After trading for 3 years, we reached £3m turnover. We had several considerations when taking our business to the next level. First, we were around 18 months away from regulation. Having built the business by cold calling, our route to market had to change. Second, we had taken the turnover/profit to its limit, based on our model at the time. It was time for change and change we did.
We wanted to have a multi-channel marketing strategy. This required considerable planning, research, and a fair amount of courage as we embarked on a journey of unprecedented growth. We obtained different approval of finance for growth from our bank and strategic lenders. We really planned this in detail because, to a certain extent, our funding lines were disaster recovery lines. We used a small percentage of those funding lines. In fact, our bank was not used at all to fund the growth.
Over a short space of time, we added various types of marketing and, where we could, involved our staff in the process, so much that our TV advert had our staff as the cast. It created a real buzz when the staff were involved in helping us grow the business. We went through a vetting stage of advertising agencies and production companies until we found ones we could work with.
Around this period, we continued with outbound telemarketing and introduced direct mail. Each type of marketing had its own telephone number and source type on our systems. This meant all statistics could be broken down by TV channel, direct mail, and individual data set. At one point, we had over 100 different telephone numbers. We could clearly identify our return on investment by individual segments of the marketing channels.
One of the most fundamental errors I see many companies make is not reporting in enough detail. It has to be drilled down to the deepest amount. You can never have too much detail on management reporting, especially at the start of a new method.
Although we had planned and researched before engaging in these campaigns, we were only dipping our toes in until we started to see the return on investment. From these statistics, we designed our key performance indicators. We quickly saw that direct mail with telemarketing overlaid was working very well, so we started to scale this area quickly. TV remained flat, so we kept that at its initial investment level.
We had some spare resources when we started this campaign, but once we saw the returns, we embarked on a recruitment drive in line with the increased investment we were putting into our marketing.
We were seeing a return on the marketing spend, so we started to test some online marketing. Within 6 months, we had grown to nearly 100 staff, but continued to increase our growth, albeit slower, based on the key performance indicators reviewed everyday.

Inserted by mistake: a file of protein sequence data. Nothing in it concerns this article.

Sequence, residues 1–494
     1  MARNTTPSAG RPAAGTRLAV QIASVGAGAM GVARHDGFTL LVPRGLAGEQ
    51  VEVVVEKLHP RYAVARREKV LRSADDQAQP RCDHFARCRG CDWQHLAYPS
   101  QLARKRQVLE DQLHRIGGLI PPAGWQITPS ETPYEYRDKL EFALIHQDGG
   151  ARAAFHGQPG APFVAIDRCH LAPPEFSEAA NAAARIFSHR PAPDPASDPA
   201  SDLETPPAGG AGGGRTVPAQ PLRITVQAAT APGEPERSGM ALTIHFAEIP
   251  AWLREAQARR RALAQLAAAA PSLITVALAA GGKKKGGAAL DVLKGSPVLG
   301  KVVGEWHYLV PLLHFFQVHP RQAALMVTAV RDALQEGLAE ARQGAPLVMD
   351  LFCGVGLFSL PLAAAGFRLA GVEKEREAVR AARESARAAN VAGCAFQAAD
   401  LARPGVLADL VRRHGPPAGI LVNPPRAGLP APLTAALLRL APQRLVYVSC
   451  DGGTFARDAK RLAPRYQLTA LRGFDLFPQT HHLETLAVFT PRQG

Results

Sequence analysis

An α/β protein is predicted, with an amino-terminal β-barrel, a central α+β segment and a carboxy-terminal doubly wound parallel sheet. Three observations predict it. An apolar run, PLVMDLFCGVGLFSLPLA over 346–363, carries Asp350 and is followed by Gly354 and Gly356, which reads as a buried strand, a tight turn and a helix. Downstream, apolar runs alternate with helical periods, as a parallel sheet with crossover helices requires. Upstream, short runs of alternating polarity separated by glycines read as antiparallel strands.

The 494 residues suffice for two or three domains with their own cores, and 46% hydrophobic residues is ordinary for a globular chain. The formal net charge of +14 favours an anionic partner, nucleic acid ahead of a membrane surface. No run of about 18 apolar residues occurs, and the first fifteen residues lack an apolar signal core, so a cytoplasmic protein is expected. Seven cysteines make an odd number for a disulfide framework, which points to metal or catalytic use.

After several months, we were not getting a return from TV advertising, so we dropped it. Online advertising was breaking even, so we kept a minimal presence there. The growth we achieved was helping us build an ever increasing database, which we continued to service and make tremendous returns from. At our peak, we were spending over £500,000 a month on marketing with 130 staff. It resulted in our turnover peaking at £15m and profit at just under £2m.
What I learnt most about this is detailed below. Luckily, we got most things right.
When starting anything new, you must plan in detail and have several return on investment options, ranging from good to bad.
Sales growing doesn’t necessarily put more bums on seats in all areas. Look for efficiencies.
You can never have too much detail when producing management reports.
Continue to review your product range and diversify if need be.
Focus on your destination. That vision is vital.
Your next level of management need to cope with growth, so invest in your people.
Involve all staff in the process and ensure they are incentivised to sell more.
Ensure steady, sustainable growth.
Exit your business at its peak. As I reflect on this experience, it’s made me so much wiser – it could have been so different….I believe without a doubt that the experiences I had will be invaluable to anyone growing their business, and give them the best chance of maximising their profit. Considering the difference it can make to your personal wealth when it comes to an exit, this is something I doubt you could afford to miss.
Having built and sold my SME, I now work with SMEs. I understand their model by embedding myself in the senior management team so I feel the heartbeat of the business. All areas are covered, but the four questions that we work on solving are: How do I grow my business?, How do I achieve client excellence?, How do I make more profit?, and Does my business model deliver?
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